Psalm 51:5 does not declare that David was born a sinner and there are reasonable options for the interpretation of the passage.
The Bible teaches that each person is responsible for his/her own sins. "Thou wast perfect in thy ways from the day that thou wast created, till iniquity was found in thee" (Ezekiel 28:15). "Perfect"what a wonderful way to describe a newborn! Each child is born into this world pure and free from sin. Children do not inherit the sin of their parents. "The soul that sinneth, it shall die. The son shall not bear the iniquity of the father, neither shall the father bear the iniquity of the son: the righteousness of the righteous shall be upon him, and the wickedness of the wicked shall be upon him" (Ezekiel 18:20). "Sin is by definition, individual in nature, being either a violation of transgression of God's law (1 John 3:4), or a refusal to bring oneself into harmony with the behavior God prescribes for His people (James 4:17)" (Garner). Our spirit came from God and will return to Him (Ecclesiastes 12:7). God formed our spirit within us (Zechariah 12:1). We are His offspring (Acts 17:29). God doesn't give an impure, sinful nature to His spiritual offspring. Consider also the words of Christ in Matthew 19:14, "Suffer little children, and forbid them not, to come unto me: for of such is the kingdom of heaven." In Matthew 18:3-4, Jesus declared, "Except ye be converted, and become as little children, ye shall not enter into the kingdom of heaven. Whosoever therefore shall humble himself as the little child, the same is greatest in the kingdom of heaven." Our Lord and Savior declared that if we want to go to heaven, we must become like little children. Jesus would not ask us to be more like a sinner in order to go to heaven. Children are innocent of sin until they are able to reach a certain level of maturity.
Since a baby does not even know his right hand from his left (Jonah 4:11), how can he/she commit sin by not doing what he/she is incapable of doing? . . . Sin is a violation of our conscience (Romans 14:23). How can a child sin against a conscience that has yet to be developed? (B.J. Clarke).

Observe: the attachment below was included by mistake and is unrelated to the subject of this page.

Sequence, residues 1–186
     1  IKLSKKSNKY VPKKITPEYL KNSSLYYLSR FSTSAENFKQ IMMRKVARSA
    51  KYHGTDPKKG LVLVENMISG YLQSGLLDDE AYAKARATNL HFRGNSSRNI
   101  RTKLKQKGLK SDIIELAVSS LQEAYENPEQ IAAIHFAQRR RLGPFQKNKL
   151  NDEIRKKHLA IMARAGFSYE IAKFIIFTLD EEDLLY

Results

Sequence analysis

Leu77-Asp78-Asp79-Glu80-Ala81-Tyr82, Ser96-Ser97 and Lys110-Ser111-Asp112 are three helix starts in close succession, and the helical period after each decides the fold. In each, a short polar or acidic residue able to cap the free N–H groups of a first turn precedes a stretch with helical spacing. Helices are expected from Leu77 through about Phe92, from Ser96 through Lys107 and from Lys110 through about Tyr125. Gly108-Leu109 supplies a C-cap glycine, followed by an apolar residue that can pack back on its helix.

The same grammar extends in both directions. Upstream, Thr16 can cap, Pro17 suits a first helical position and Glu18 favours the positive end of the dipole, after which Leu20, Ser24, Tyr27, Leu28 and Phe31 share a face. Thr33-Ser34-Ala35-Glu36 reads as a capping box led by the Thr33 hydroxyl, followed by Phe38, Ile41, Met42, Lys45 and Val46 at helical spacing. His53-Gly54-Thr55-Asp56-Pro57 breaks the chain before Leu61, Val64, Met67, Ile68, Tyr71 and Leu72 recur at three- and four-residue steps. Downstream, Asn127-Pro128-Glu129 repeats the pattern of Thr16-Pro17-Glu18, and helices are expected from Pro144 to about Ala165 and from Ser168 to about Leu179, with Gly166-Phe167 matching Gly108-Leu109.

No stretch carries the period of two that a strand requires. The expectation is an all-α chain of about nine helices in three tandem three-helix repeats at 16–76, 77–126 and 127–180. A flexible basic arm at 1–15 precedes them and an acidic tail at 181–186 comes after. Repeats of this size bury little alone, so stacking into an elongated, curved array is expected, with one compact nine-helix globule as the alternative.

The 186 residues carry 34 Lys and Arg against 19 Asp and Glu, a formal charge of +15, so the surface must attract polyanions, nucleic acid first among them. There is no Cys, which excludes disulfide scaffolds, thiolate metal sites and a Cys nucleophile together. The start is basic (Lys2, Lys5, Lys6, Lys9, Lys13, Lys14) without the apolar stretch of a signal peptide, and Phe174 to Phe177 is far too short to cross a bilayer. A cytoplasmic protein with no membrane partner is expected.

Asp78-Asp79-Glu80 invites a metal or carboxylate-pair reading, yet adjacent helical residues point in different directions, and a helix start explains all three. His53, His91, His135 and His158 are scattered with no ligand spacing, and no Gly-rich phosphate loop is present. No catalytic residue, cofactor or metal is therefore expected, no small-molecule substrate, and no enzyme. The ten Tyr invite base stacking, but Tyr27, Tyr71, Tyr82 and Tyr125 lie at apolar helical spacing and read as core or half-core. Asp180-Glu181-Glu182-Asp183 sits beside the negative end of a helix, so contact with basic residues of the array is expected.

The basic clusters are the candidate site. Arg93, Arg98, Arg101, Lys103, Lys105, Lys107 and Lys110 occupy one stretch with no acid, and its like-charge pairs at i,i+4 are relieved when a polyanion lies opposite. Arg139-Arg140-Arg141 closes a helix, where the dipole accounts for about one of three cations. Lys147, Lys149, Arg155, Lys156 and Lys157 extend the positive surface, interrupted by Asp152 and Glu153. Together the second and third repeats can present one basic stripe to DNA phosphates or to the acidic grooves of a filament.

Each soul is responsible for his/her own sin. "Every man is tempted, when he is drawn away of his own lust, and enticed. Then when lust hath conceived, it bringeth forth sin: and sin, when it is finished, bringeth forth death" (James 1:14-15). Our sins are a result of our own lust and desires, not because of the sin of Adam. There is a day coming when we will answer for our sins. We will not be able to blame our sins on Adam. Our eternal home will be determined by how we live. "For we must all appear before the judgment seat of Christ; that every one may receive the things done in his body, according to that he hath done, whether it be good or bad" (2 Corinthians 5:10).
The false doctrine of Calvinism will cost men their souls. Friends, man is not born in sin. We each sin when we violate the will of God. Our sins will cost us our souls unless we believe in Christ (John 8:24), repent of our sins (Luke 13:3), make the good confession (Romans 10:9,10), are baptized into Christ for the remission of sins (Acts 2:38; Mark 16:16), and live faithfully until death (2 Timothy 4:6-8; Revelation 2:10). Jesus is the author of eternal salvation to everyone who obeys Him (Hebrews 5:9). Rather than trusting in a doctrine developed by men, let us put our trust in God, and faithfully follow His will each day.
Eisenhower church of Christ
807 East 21st Street
Odessa, Texas 79761
1 B.J. Clarke, "Total Hereditary Depravity," in Calvinism, ed. David P. Brown (Spring, TX: Houston College
of the Bible, 1998), p.314-331.
2 Carl Garner, "Restoring the Joy of Salvation," in The Book of Psalms, vol. 1, ed. Bill Jackson (Austin: Southwest church of Christ, 1989), pp.314-316.